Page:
“The agency is now operating under the Australian Government’s Space Re-entry Debris Plan, which outlines the roles and responsibilities of key Australian government agencies and committees in supporting the space reentry debris response,” the statement continued.
A spokesperson said the ASA is committed to the “long-term sustainability of outer space activities, including the mitigation of debris” and the agency has already highlighted this on the international stage.
Since the announcement, a third piece of space junk has also been found further west of the Moonbah wreck site.
The threat of space debris falling from the sky
“This is a super rare event as space junk is usually destined to land in the ocean,” Tucker said.
“These are the biggest pieces of space junk in Australia since 1979, after the US space station Skylab crashed over Western Australia.”
Space debris falling from the sky “happened only a few times”, but it’s becoming more and more frequent over the years.
“There was a Russian nuclear-powered satellite that crashed in Canada in the 1980s. And then China had a rocket that crashed and landed in West Africa a few years ago. SpaceX was part of a rocket accident in the US state of Washington in the year past. And now this,” Tucker told Euronews Next.
A large Chinese booster rocket also made an uncontrolled return to Earth on Saturday, although there was no reported damage in the western region of the Philippines where the wreckage fell, according to Philippine officials.
China was heavily criticized by the Philippine Space Agency (PhilSA), which said it had not received any notification from its Chinese counterpart about the rocket’s wreckage.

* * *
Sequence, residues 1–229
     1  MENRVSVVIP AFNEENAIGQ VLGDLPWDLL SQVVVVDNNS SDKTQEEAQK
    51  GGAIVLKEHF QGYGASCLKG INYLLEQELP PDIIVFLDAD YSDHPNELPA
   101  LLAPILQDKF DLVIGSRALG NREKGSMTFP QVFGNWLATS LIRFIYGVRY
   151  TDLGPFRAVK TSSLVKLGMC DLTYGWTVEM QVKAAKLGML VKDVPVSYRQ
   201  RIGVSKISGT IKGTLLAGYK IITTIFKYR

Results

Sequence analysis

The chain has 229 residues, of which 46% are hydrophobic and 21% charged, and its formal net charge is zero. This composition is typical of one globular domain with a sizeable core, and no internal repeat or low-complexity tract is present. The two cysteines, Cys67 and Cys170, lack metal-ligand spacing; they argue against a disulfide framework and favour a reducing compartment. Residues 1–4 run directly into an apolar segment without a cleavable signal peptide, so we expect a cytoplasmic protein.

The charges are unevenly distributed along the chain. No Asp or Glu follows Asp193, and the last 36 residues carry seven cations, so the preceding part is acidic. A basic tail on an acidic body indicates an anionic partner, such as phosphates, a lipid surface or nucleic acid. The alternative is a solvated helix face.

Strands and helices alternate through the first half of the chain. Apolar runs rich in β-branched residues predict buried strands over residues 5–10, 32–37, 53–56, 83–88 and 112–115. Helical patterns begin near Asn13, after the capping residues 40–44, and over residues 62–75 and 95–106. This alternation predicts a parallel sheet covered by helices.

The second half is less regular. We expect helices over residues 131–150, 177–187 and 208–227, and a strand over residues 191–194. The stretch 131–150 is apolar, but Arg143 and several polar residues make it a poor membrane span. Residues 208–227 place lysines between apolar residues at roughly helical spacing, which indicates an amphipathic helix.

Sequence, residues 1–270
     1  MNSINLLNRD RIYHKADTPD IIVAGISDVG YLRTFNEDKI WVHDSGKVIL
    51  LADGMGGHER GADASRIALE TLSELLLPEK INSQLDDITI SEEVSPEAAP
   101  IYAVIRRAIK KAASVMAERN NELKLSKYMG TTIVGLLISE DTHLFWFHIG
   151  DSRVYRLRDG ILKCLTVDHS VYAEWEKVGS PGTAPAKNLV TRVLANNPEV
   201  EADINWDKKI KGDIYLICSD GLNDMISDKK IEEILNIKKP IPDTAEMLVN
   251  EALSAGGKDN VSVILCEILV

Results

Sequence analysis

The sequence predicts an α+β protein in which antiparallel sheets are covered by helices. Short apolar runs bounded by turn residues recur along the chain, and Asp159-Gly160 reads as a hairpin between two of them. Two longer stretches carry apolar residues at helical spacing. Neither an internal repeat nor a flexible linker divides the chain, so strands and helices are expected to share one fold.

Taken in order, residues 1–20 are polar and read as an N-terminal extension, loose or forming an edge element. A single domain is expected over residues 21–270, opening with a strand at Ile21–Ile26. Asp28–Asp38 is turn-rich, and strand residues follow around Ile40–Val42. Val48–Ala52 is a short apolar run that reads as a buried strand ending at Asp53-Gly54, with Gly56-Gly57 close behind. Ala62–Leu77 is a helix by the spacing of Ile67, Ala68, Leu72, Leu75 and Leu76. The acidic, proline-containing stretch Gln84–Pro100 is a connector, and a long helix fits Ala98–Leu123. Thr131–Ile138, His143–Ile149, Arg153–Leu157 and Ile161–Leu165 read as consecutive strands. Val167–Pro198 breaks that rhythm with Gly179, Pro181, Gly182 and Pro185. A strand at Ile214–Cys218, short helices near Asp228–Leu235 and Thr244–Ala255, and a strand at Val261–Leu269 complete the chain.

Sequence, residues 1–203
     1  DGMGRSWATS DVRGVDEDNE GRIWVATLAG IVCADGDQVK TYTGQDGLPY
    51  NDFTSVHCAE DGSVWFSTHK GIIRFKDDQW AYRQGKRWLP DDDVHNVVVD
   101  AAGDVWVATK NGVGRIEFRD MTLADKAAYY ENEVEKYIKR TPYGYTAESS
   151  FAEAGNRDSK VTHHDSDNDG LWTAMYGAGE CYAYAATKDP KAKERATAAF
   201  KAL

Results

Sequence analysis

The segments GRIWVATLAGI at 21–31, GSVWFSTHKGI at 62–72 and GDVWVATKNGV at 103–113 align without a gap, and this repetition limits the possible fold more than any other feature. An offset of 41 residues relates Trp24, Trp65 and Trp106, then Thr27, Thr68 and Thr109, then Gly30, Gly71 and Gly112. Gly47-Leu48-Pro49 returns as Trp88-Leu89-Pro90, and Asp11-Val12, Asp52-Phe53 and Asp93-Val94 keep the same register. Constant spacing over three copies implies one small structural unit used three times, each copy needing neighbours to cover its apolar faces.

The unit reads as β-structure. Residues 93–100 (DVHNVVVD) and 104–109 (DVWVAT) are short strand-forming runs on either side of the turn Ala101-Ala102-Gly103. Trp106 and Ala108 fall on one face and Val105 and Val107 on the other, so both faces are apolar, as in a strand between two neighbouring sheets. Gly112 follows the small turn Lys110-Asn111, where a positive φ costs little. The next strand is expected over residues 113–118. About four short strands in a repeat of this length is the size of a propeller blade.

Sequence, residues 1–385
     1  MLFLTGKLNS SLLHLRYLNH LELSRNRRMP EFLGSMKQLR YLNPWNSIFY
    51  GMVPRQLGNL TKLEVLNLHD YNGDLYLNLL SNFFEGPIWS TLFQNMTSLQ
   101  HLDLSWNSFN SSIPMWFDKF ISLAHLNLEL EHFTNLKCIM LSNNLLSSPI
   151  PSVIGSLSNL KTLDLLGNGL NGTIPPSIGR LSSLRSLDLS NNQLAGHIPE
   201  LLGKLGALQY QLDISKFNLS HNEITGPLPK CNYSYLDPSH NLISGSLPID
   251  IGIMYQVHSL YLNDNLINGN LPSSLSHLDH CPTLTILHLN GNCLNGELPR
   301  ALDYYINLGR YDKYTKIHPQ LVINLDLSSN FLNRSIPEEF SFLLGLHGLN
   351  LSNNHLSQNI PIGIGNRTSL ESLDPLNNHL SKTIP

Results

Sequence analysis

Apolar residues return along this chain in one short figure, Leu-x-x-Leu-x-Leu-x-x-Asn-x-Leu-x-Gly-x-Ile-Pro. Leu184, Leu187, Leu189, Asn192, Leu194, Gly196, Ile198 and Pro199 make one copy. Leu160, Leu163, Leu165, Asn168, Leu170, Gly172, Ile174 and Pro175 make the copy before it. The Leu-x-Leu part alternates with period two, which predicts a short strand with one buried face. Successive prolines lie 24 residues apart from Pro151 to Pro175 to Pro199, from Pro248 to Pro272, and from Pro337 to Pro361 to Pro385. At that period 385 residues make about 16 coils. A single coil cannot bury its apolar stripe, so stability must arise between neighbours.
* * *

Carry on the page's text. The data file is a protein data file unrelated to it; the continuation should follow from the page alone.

‘Uncontrolled re-entries are difficult to predict with today’s knowledge’
“Unfortunately, no reasonable estimate of the re-entry location can be provided prior to reentry with today’s knowledge,” Holger Krag, head of the European Space Agency’s (ESA) Space Security Program, told Euronews Next.
“Uncontrolled re-entries are difficult to predict as the re-entry time is determined by atmospheric density, which depends on several poorly determined factors. As space objects are moving very fast (approximately 27,000 km/h before re-entry), the best achievable accuracy is only approximately five hours, a day before re-entry,” he added.
ESA predicts that the amount of orbital mass re-entering the atmosphere in a year should reach around 250 tonnes.
“About 20 to 40% of this mass is expected to survive aerodynamic and aerothermal stress during reentry and impact ground,” explained Krag.
Using data from the 18th Space Control Squadron and European facilities under contract, the ESA said it is focusing efforts on improving forecasts for “this kind of uncontrolled re-entry”.
“We are also preparing technology that will bring disposable components that we can use in space systems to limit the risk on the ground,” Krag said.
“Heavy space systems would not be allowed to undergo uncontrolled reentry, but must be designed in such a way that we can deorbit them in a controlled manner over unpopulated ocean areas,” he added.
“Such technology, when available, should be used systematically to avoid hazards on land.”